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Q: Is there any estimated date for the grid? What will set you apart from the opposition?
A: We are hoping to have something released for the community in Q4 this year. The difference between other competitors is that ColossusXT is putting consumer privacy first and we’re actively in the process of working with federal and state agencies in the United States.
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Q: How do you plan to get people to implement the technology? At your current rate of development, when do you foresee a minimum viable product being available?
A: We have been strategically networking with businesses, and we are currently undergoing the verification process in the United States to make bids on federal and state projects. We are working on an MVP and our goal is to have at least a portion of the Colossus Grid ready by Q4 2020.
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Q: When we can expect any use-case for COLX? A company or service that uses COLX for its activities/tasks.
A: We’re aiming for Q4 of this year to have an MVP, throughout 2021 we will be strategically making bids on federal and state contracts in the United States with a goal to expand operations exponentially.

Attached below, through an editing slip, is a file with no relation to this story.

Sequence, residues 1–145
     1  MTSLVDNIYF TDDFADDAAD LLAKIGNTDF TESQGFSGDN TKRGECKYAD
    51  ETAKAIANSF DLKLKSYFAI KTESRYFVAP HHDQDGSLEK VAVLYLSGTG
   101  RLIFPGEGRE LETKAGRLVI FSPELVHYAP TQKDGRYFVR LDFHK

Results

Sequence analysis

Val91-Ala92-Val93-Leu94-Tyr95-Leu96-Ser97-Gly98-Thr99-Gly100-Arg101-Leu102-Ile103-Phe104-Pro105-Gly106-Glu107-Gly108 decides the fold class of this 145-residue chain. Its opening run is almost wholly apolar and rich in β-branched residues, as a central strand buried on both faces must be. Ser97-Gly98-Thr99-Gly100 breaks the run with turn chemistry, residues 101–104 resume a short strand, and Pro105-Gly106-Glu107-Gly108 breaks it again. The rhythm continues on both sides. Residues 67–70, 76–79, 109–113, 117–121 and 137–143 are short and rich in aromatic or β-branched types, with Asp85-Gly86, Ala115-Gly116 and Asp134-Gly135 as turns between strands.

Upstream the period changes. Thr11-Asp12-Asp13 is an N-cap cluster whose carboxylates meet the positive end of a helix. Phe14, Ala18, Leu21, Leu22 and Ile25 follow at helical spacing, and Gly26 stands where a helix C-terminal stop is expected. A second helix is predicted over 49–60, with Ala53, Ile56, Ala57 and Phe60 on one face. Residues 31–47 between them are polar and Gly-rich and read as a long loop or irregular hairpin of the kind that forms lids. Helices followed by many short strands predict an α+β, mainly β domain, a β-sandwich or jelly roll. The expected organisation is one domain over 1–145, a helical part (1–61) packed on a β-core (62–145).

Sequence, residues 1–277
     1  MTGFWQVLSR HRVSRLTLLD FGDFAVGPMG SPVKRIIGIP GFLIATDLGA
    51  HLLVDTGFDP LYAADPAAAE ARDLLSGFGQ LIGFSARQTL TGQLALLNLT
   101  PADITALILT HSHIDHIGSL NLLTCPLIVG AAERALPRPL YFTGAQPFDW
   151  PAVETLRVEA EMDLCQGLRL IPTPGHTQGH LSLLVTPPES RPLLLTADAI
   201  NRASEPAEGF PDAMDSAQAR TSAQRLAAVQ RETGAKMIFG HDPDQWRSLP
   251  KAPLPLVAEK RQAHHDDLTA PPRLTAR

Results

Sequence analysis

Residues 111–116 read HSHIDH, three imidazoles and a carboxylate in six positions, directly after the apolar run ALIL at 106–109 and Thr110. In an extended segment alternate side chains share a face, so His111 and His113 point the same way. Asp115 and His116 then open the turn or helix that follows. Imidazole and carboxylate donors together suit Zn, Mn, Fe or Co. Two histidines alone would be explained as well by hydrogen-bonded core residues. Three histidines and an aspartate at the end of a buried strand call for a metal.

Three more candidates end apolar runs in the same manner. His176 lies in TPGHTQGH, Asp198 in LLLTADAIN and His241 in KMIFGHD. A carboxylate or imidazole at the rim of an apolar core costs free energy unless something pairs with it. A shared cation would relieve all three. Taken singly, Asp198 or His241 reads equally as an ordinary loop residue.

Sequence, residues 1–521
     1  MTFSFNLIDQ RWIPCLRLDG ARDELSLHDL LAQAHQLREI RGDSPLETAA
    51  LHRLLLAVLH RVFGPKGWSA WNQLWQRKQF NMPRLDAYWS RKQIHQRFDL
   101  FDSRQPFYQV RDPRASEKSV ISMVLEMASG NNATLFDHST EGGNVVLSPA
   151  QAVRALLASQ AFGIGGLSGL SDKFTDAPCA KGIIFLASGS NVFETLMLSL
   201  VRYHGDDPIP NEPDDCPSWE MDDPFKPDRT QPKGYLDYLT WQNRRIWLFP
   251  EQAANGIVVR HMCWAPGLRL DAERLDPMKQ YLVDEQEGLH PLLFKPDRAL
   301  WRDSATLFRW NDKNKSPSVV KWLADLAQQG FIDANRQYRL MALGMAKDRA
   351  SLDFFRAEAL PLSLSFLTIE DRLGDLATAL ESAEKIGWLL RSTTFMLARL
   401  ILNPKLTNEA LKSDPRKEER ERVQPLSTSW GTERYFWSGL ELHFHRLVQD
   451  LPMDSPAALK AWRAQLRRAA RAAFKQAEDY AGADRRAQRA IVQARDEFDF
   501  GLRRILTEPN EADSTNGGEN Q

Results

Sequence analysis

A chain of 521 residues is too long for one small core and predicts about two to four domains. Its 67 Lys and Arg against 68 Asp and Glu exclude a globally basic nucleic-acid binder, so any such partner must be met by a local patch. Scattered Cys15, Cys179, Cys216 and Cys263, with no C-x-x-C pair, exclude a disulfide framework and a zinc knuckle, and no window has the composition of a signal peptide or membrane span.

--------------------------------------------------------------------------------------------------------------------------------------------------
Q: Are there any plans to be listed on the more prominent exchanges e.g binance, kraken?
A: Yes, we have applied to some of these exchanges that are considered Tier 1 or Tier 2 exchanges. Many of them upfront will tell you there are no fees associated with the listing, that is not entirely true most of the time. Regardless, have applied and are awaiting more responses as we move forward. Listing on these exchanges often requires that we cannot announce this information until ColossusXT is live on its platform.
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Q: Partnerships are the norm these days in crypto world. Which partnership would you consider feasible, if any, in order to grow the Colossus Grid project?